mREITs help provide essential liquidity for the real estate market. mREITs invest in residential and commercial mortgages, as well as residential mortgage-backed securities (RMBS) and commercial mortgage-backed securities (CMBS). mREITs typically focus on either the residential or commercial mortgage markets, although some invest in both RMBS and CMBS.
Investing in mREITs
An individual may buy shares in a mREIT, which is listed on major stock exchanges, just like they do for any other public stock. Shares can also be purchased in a mutual fund or exchange-traded fund (ETF). Investors have historically found value in mREITs primarily because of their history of relatively high dividends.
mREITs play an important role in the economy by helping to facilitate the housing market by originating and purchasing mortgage-backed securities. In fact, mREITs help finance 1.8 million U.S. homes. On the commercial side, mREITs invest in commercial mortgages helping to finance the buying and selling of income-producing real estate.
mREITs provide a simple way to hold an equity investment in the mortgage market with the liquidity and transparency of publicly traded equities – advantages not available through direct investment in mortgage loans and mortgage-backed securities.
There are other mREITs whose shares are registered with the SEC but are not listed on any stock exchange. These public non-listed REITs (PNLRs) are typically sold to investors by a broker or financial advisor. Mortgage REITs also can be privately held.
The mREIT Business Model
mREITs hold mortgages and MBS on their balance sheets, and fund these investments with equity and debt capital. Their general objective is to earn a profit from their net interest margin, or the spread between interest income on their mortgage assets and their funding costs. mREITs rely on a variety of funding sources, including common and preferred equity, repurchase agreements, structured financing, convertible and long-term debt and other credit facilities. mREITs raise both debt and equity in the public capital markets.
mREITs typically use less borrowing and more equity capital to finance their acquisitions of mortgages and MBS than do other large mortgage investors.
Benefits to Homeowners, Businesses and Financial Markets
mREITs provide funding for mortgage credit for both homeowners and businesses. By using private capital to buy residential mortgages and mortgage-backed securities (RMBS), mREITs help provide liquidity and credit to home mortgage markets. Their financing activities have helped provide mortgage loans for 1.8 million homebuyers. Likewise, mREIT purchases of commercial mortgages and commercial mortgage-backed securities (CMBS) provide another source of mortgage credit for business investments in commercial real estate.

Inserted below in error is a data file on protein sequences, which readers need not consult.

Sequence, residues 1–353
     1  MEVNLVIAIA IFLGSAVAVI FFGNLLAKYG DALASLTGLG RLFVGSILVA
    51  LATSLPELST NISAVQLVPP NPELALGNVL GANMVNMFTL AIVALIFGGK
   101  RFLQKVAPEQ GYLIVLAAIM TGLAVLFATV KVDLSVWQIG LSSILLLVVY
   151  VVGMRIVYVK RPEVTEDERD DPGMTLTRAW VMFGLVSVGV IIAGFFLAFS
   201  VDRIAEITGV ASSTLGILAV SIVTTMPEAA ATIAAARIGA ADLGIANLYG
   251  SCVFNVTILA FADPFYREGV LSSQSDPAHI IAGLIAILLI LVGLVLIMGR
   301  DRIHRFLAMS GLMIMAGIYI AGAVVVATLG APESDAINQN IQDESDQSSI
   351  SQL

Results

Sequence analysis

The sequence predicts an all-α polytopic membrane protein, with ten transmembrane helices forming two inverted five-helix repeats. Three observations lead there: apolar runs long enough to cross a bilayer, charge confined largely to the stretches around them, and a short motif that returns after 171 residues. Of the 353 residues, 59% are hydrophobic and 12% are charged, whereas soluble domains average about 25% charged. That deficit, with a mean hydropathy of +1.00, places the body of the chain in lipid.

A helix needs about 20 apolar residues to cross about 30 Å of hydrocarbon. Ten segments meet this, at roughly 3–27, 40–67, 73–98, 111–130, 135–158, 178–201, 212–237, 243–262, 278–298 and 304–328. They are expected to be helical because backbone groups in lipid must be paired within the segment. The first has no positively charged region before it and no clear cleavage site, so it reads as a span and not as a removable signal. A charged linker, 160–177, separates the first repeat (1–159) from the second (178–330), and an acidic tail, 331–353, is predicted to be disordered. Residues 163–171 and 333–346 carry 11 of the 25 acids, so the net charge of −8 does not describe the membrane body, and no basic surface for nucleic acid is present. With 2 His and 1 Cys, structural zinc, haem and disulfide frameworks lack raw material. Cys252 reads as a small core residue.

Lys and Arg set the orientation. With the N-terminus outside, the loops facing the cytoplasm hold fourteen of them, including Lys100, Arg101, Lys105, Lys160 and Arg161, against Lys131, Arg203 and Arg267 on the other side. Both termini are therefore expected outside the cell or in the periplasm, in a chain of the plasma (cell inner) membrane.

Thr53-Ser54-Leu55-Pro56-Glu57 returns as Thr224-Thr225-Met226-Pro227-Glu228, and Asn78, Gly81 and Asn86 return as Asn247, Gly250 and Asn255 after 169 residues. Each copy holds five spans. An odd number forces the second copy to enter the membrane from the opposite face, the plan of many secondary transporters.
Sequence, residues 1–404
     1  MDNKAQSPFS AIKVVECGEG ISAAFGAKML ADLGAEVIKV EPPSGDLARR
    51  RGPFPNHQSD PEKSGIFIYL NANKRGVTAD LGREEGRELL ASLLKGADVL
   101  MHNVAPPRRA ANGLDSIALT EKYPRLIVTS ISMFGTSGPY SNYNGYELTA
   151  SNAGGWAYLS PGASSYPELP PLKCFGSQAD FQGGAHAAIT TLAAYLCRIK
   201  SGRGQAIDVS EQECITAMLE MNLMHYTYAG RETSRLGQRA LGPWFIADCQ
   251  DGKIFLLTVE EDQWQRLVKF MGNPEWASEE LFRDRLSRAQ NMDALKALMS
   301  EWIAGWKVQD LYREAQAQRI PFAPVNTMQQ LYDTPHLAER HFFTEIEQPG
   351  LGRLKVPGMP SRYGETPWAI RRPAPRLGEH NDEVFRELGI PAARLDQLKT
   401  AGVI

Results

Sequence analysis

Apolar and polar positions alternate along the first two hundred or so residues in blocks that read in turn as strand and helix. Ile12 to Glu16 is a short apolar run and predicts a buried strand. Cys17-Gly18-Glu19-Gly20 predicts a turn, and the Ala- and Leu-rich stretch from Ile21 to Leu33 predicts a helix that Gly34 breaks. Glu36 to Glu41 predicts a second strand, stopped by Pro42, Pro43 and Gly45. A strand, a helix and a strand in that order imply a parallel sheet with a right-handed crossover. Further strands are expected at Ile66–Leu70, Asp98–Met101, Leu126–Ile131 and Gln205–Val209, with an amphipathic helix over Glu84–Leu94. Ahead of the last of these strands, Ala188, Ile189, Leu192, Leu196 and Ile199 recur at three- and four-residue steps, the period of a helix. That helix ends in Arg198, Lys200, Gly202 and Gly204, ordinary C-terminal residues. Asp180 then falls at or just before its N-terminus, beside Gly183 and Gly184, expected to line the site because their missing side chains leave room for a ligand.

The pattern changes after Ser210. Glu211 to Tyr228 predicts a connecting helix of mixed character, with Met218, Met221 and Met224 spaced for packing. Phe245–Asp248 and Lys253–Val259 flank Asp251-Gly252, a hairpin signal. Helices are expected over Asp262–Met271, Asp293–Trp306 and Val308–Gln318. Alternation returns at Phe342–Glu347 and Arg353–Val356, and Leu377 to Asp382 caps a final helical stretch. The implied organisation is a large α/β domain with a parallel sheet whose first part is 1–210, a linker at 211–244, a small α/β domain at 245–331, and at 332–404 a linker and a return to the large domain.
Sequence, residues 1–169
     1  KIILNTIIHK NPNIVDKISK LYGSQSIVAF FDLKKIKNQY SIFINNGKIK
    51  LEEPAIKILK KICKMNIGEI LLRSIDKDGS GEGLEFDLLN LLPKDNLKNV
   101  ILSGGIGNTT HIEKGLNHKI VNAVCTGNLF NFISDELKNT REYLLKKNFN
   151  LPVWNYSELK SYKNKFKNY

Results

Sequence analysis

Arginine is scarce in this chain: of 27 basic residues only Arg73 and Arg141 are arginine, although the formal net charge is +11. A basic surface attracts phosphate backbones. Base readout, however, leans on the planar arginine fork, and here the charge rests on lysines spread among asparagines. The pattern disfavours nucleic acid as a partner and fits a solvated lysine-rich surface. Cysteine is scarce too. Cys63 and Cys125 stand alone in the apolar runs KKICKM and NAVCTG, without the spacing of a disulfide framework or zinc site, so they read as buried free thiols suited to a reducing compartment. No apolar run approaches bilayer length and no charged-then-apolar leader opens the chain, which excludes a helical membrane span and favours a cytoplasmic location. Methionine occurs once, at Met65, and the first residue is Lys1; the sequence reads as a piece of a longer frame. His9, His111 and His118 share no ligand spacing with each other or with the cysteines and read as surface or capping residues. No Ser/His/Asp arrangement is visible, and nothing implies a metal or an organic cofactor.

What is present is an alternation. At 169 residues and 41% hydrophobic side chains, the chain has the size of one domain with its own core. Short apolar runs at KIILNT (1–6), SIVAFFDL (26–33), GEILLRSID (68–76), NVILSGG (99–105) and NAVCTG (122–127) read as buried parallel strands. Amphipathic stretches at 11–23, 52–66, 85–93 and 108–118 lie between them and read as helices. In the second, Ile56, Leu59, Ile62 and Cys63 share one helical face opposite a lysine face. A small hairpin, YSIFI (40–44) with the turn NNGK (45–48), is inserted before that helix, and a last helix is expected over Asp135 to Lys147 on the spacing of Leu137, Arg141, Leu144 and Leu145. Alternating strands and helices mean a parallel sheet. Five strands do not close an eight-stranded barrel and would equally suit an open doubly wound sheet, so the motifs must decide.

Risks and Risk Management
Most mREITs are registered with the SEC and are required to publish regular financial statements for review and monitoring by investors and analysts. The business risks that mREITs face are similar to those of other financial firms. mREITs have considerable experience managing many types of risk:Interest Rate Risk. Managing the effects of changes in short- and long-term interest rates is an essential element of mREITs’ business operations. Changes in interest rates can affect the net interest margin, which is mREITs’ fundamental source of earnings, but also may affect the value of their mortgage assets, which affects corporate net worth.
mREITs typically manage and mitigate risk associated with their short-term borrowings through conventional, widely-used hedging strategies, including interest rate swaps, swaptions, interest rate collars, caps or floors and other financial futures contracts. mREITs also manage risk in other ways, such as adjusting the average maturities on their assets as well as their borrowings and selling assets during periods of interest rate volatility to raise cash or reduce borrowings.
Credit Risk. The bulk of mortgage securities purchased by residential mREITs are agency securities backed by the federal government, which present limited credit risk. Commercial mREITs may be exposed to credit risk through their private-label RMBS and CMBS. The degree of credit risk for a particular security depends on the credit performance of the underlying loans, the structure of the security (that is, which classes of security are paid first, and which are paid later), and by the degree of over-collateralization (in which the face amount of the mortgage loans held as collateral exceeds the face amount of the RMBS or CMBS issued).
Prepayment. Changes in interest rates or borrower home sales affect the probability that some borrowers will refinance or repay their mortgages. When such a refinancing or repayment occurs, the investor holding the mortgage or MBS must reinvest the proceeds into the prevailing interest rate environment, which may be lower or higher. mREITs seek to hedge prepayment risk using similar tools and techniques as those they use to hedge against interest rate risks.
Rollover. mREIT assets are mainly longer-term MBS and mortgages, while their liabilities may include a significant amount of short-term debt, especially among residential mREITs. This term mismatch requires that they roll over their short-term debt before the maturity of their assets. Their ability to do so depends on the liquidity and smooth functioning of the short-term debt markets, including the repo market. The repo market is extremely liquid, with an estimated $2 trillion in outstandings and several hundred billion dollars in daily trading volume. Banks and dealers also use the repo market as an important source of market liquidity. In the financing markets, the liquidity of the agency MBS and TBA (To Be Announced) markets is comparable to the market for Treasuries. Commercial mREITs tend to match the duration of their assets and liabilities and face little rollover risk.